His father died when he as 3 and his mother when he was 9. He went to live with his aunt Rachel Jolliff Rhea. Two of his brothers, Randolph & James, were raised by their uncle Green Depriest, who moved to Oregon Co, Mo with them in 1841. In 1850 he was living with his aunt Rachel Rhea in Sangamon Co, IL.
He joined the Union army and fought on the opposite side of his brother, Randolph. It isn't known whether they were ever in the same battle, but they did both fight in Mississippi.
He was a private in the Union Army during the Civil War in Co. C, 11th Ill. Inf., the first company that was organized in Centralia, IL and saw a lot of action. He was at the capture of Ft. Donaldson (where he was wounded), at Ft. Hindmon, and at the seize of Vicksburg. He was with Grant at Natchez, Mississippi.
His military record described him as 6'1", red hair, grey eyes and light complexion. During Jan & Feb 1864 after a furlough at home, he took a steamboat, the C.E. Hillman, to Vicksburg, Mississippi to join his company. This proved to be an exciting trip as a letter to his brother (probably William) explains. [According to other historical records, this event may have happened in April 1861.]
Don't Know the Word Surrender
Vicksburg, Miss., March 26, 1864
Dear Brother: It is with pleasure I write you a few lines to let you know that I have got back to my regiment all right, although we had a right smart fight on the boat. We were attacked by a band of guerrillas opposite Island No. 18. No danger being apprehended the boat landed on the Arkansas shore for the purpose of wooding. Many of the passengers had, as usual, strolled out upon the bank when a party of twenty to thirty-five guerrillas suddenly made their appearance from the woods and opened fire upon the steamer and those who were on shore; killing a soldier, a negro, and wounding eight others. The head and spring lines being out and a strong wind blowing on shore, it seemed impossible to get the boat into the stream. Part of the rebels rushed on board the boat, when the fight commenced in earnest. I was on the hurricane deck and at first supposed the boys were firing for mischief, until they called out guerrillas and said we were attacked.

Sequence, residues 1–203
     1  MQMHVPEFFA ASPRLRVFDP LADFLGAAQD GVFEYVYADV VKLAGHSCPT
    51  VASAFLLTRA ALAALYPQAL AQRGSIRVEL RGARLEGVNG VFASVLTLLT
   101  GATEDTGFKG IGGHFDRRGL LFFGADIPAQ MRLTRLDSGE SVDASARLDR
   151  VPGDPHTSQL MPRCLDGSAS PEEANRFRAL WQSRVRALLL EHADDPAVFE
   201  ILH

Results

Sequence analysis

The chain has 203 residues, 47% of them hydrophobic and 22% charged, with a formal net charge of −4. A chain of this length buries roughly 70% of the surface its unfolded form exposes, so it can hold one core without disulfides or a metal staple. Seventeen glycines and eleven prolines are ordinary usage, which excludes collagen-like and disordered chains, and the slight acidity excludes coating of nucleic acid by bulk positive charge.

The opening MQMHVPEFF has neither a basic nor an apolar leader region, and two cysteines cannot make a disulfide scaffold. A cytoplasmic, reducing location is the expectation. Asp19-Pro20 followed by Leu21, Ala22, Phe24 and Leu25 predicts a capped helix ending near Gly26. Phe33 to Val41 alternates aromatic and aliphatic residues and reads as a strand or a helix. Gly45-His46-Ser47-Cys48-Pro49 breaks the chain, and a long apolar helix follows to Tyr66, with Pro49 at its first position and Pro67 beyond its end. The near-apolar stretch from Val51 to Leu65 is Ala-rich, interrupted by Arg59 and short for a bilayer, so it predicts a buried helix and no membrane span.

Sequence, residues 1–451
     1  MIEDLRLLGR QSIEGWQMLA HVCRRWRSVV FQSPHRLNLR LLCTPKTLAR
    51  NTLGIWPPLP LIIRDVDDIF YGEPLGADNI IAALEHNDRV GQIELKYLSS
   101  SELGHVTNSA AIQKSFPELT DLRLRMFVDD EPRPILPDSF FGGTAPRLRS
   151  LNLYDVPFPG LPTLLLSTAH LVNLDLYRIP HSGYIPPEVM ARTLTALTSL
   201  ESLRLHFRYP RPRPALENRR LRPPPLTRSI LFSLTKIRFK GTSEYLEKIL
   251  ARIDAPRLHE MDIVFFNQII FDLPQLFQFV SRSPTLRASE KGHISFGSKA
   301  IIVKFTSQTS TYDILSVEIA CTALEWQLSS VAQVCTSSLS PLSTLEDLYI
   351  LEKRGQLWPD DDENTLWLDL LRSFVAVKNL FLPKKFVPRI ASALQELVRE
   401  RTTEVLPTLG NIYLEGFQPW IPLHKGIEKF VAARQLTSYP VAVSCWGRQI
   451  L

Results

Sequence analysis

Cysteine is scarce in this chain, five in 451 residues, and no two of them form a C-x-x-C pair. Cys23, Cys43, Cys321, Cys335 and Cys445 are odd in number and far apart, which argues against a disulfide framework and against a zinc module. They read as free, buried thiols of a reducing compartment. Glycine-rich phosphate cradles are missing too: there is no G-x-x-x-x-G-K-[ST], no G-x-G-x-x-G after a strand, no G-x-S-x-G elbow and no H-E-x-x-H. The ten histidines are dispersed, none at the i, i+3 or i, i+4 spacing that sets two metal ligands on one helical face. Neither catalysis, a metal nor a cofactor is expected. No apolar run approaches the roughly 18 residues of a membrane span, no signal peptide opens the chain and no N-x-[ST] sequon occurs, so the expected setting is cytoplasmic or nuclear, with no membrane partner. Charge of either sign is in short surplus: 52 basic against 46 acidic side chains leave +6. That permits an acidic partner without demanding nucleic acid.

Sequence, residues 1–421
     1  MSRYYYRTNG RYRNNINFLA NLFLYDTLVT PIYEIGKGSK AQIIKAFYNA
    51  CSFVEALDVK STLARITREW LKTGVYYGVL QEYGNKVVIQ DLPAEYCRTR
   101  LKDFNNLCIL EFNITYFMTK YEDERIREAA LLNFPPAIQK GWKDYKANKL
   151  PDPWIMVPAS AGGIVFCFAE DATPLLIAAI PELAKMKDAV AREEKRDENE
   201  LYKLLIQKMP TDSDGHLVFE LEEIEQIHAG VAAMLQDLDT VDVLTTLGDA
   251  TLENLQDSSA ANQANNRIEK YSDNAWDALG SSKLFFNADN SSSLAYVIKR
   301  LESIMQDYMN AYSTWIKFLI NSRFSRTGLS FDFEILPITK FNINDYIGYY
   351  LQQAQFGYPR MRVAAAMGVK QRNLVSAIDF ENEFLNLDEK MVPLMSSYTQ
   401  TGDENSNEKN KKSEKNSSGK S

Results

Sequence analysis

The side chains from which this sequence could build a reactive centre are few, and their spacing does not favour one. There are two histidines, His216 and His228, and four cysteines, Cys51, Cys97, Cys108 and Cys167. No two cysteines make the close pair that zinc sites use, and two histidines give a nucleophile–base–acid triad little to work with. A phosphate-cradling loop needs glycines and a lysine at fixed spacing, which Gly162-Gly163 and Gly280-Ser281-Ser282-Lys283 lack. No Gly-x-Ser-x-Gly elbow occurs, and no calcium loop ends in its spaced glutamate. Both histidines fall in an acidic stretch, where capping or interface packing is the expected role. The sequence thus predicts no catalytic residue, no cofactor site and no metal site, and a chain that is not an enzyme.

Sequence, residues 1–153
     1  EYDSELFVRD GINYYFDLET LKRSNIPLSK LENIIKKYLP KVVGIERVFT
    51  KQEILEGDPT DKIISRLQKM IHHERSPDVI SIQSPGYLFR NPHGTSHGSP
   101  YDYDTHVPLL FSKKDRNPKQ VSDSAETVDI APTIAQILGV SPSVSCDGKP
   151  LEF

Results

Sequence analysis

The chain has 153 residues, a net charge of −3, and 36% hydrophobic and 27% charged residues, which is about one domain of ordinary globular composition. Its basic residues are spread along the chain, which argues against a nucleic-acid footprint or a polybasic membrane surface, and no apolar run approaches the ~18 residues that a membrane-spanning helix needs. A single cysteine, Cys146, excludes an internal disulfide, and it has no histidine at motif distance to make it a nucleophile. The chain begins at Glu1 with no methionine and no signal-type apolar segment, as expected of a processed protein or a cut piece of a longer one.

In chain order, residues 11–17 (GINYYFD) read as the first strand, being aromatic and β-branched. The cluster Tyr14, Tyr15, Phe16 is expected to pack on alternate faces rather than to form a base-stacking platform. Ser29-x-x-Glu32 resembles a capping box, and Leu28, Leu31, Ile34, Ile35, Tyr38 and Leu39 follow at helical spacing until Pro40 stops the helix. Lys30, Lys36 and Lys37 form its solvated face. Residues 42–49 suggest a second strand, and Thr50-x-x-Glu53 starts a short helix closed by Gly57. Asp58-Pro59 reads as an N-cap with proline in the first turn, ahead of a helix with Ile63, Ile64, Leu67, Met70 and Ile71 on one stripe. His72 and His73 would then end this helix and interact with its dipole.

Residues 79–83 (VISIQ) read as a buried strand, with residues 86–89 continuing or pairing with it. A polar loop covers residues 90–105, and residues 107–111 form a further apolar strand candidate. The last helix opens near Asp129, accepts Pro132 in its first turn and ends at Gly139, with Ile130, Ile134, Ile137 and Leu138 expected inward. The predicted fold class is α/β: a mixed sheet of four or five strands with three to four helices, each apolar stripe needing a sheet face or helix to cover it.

They called on the Captain to surrender, which he did as far as he could. I soon saw there was no one to take the lead, as the one who had command was wounded, and the balance appeared to be backward about doing anything, and a good deal of hiding going on. I had no notion of being taken prisoner by a gang of thieves and robbers, so I told the boys we must go in on them; that we could hip them. In a short time I got three or four of the boys and rushed forward on them. I had nothing to fight with at first, but gathered some revolvers and pitched in. I saw three of them bite the dust. They shot six holes through my clothes, put a revolver so close to my face that the powder burned my whiskers.
I thought I would resort to strategy, and called out to the boys to get their arms and fall in and make a charge on them. They ordered me to surrender or they would low my brains out. I told them I belonged to the 11th Illinois, and I didn't know the word surrender; that I had [plenty?] of men on the boat to whip them, and if they didn't surrender I would kill the last man of them; that they were nothing but a gang of thieves, anyway. About this time a little citizen and number of others run up with revolvers and fired into them, when the rebels got up and dusted.
The Captain of the boat ordered me to surrender the boat; I told him I was on the boat and had been out too long to be taken by a gang of thieves, and if I heard any more from him I would shoot him on the spot. One of the deck hands run out and cut the lines and let the boat adrift. Some of the furloughed officers acted very brave, and some very cowardly. One Colonel had his shoulder straps taken off for being hid up on a state room.
The commanding General at Memphis sent for me. He had heard about the fight and wanted to know the particulars, that he understood I had taken an active part, and asked me if I saw the Colonel during the fight. I told him just how it was and that he never showed up. He complimented me highly, hoped I would always prosper, and sent a recommendation to our Colonel. Our regiment were in two fights while I was home, and they whipped the rebels every time. But I must come to a close.